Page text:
Runners with a high drive and motivation are more prone to suffer from overtraining. This usually meansrunning too far and/or too fast without giving the body the time it needs to recover to readjust itself between the workouts.
As a result, if you want to keep overtraining at bay and enjoy your workouts, here are a few guidelines that can help you prevent, spot and treat this awful condition.Signs Of Overtraining
Overtraining leaves clues. It’ll not creep up on you from nowhere. In fact, it gradually builds up until it reaches hazardous terms. Fortunately, you can prevent it by learning about its most common warning signs. Here is a short list:
- Extreme fatigue both during and after the workouts
- Decreased performance
- Unwanted weight loss
- Sore muscles, especially you lower body muscles
- Feelings of dizziness and disorientation
- Loss of appetite
- More prone to headaches, discomforts and injuries
- Insomnia or suffering from unusual lack of sleep
- Apathy and depression
- Lack of motivation for the training
- Lack of mental focus
- Spiky heart rate
This is just a short list, but it’s enough to spot overtraining. If you’ve any of the above symptoms, then the chances of overtraining are high or imminent. Don’t panic. Treatment is easy.How To Treat Overtraining
The length of recovery from overtraining varies from one runner to the next, but it largely depends on how overtrained you are and for how long. For instance, if you experience a mild case of overtraining, you may just need to take a couple days off to fully recover. On the other hand, if you’re suffering from prolonged overtraining, full recovery will require more time. The rule of thumb is the longer you’ve been overtraining, the more recovery you will need.
Here are 3 steps to help you speed up your recovery:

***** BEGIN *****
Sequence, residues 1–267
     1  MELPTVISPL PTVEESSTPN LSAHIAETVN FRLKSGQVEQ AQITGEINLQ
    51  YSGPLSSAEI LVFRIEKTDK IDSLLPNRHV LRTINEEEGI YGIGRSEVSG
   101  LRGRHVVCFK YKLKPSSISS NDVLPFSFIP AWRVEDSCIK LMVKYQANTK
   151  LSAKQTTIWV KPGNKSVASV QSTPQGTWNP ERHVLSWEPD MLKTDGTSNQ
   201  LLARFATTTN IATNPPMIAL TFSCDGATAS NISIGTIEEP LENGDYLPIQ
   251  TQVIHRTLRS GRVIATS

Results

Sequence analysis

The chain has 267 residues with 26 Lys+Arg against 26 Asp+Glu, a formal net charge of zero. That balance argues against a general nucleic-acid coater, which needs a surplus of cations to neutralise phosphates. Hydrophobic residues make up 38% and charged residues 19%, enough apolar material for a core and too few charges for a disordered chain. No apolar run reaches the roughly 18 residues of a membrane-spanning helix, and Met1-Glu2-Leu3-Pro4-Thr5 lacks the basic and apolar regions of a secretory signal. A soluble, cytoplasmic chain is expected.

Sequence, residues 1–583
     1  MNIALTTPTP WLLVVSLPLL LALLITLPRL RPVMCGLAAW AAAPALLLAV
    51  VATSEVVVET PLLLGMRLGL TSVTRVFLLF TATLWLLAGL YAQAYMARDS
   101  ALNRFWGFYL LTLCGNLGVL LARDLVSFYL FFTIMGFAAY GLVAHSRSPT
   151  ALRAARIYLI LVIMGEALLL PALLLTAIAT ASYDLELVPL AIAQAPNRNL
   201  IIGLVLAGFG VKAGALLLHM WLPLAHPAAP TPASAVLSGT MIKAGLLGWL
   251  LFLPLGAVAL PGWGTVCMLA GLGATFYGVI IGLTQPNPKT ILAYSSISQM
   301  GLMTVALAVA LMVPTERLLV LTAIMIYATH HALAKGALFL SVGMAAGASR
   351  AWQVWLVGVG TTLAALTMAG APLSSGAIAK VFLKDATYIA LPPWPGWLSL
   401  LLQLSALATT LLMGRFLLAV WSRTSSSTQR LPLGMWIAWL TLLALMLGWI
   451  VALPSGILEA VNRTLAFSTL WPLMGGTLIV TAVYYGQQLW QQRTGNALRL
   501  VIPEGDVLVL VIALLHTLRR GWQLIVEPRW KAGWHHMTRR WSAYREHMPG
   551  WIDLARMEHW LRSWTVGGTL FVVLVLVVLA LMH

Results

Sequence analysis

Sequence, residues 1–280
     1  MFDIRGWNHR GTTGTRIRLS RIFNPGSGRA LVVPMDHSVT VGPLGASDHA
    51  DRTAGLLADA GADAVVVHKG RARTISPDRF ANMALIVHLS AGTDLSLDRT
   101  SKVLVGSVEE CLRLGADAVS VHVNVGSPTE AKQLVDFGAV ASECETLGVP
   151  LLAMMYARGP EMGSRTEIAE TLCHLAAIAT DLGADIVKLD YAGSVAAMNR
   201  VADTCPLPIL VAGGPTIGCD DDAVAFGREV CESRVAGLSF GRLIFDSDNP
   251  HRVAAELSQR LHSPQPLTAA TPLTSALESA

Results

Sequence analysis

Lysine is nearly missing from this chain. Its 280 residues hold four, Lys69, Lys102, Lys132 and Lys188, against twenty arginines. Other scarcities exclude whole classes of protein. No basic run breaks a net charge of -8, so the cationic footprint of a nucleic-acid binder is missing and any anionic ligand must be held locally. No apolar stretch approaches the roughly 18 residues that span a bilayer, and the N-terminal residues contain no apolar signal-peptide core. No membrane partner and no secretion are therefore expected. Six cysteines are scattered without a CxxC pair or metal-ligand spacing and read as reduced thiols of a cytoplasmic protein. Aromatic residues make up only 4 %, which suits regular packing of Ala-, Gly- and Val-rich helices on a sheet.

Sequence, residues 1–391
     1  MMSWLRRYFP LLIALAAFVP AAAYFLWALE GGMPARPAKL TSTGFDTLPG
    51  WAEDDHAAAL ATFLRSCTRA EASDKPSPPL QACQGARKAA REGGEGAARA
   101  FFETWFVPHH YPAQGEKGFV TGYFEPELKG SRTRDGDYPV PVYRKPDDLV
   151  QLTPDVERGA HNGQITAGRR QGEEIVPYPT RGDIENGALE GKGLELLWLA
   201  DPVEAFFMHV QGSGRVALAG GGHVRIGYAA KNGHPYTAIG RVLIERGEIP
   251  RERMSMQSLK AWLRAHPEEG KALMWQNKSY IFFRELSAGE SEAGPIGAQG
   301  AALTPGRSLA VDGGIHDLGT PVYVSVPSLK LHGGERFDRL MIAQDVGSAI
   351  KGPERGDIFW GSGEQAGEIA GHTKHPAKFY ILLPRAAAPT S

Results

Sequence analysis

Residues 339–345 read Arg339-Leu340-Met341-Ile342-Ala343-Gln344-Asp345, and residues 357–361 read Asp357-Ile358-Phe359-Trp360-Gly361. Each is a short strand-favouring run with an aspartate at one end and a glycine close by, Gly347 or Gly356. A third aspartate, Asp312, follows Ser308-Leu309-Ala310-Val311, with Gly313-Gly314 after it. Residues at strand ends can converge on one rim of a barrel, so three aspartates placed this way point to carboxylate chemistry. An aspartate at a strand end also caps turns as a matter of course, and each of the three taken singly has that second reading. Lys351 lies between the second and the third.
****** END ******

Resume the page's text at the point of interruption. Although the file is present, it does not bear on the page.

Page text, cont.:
- Rest your muscles. Depending on how overtrained you’re, you need to take the tension off your muscle and provide them with the rest they crave for. Once you do that, your muscles will adapt to the training load, thus grow stronger.
- Ice pack your sore muscles. Use ice therapy to help you ease the pain by alleviating the swelling and speeding the recovery time. Apply ice for 10-15 minutes, two to three times a day.
- Refuel your body. A healthy diet can help you speed the recovery. Make sure to eat healthy mix of carbs, lean protein and fats—especially after a hard training session.
When you’re sure that you’ve fully recovered, you need to get back on the training wagon as soon as possible. Nonetheless, that’s no reason to rush. Make sure to resume the training gradually—as if you’re beginning from scratch. Restart with 2 to 3 days a week and incrementally add more speed, distance and days to your workout program.
The biggest mistake most runners make is trying to run too much too soon, while ignoring their bodies’ response to the training load. This what usually leads to overtraining and burnouts. Therefore, when exercising, you should always stay within your fitness zone, and train according to you own needs and skill level.
By: David Dack
Kevin: What does eating right mean to you?
Danny: I am mostly on organic diet. We cook everything from scratch. We don’t eat out of boxes or cans. I only eat meat about once a month. I mean, I will have – - that’s like red meat. I don’t drink coffee. I do drink tea but not an over abundance of it. And –
Kevin: What about for training?
Danny: Oh, the training is really fun, you know on our break, we break part nutrition and diet as related to training so you know, what I do is that when I am going out for a really long run I want to have a lot of good carbohydrates in my system before I do that. It’s just like [pumping] for a race and not a run. And so usually I have beans and rice and peas –
Danny: the night before I run because it just burns really clean and even though it’s a complete protein and also a very good cover meal. And because I don’t eat pasta as a carbohydrate meal in fact I rarely eat pasta anyway. We have a law here. We don’t eat anything white.
Kevin: OK. [laughter]
Danny: Unless it’s yogurt.
Kevin: Got you.
Danny: So you want to eat a good carbohydrate before a long workout and you want to eat a really good protein meal afterwards along with the carbohydrate and sometimes during the week you always want to eat a really healthy salad like really leafy green lots of colors.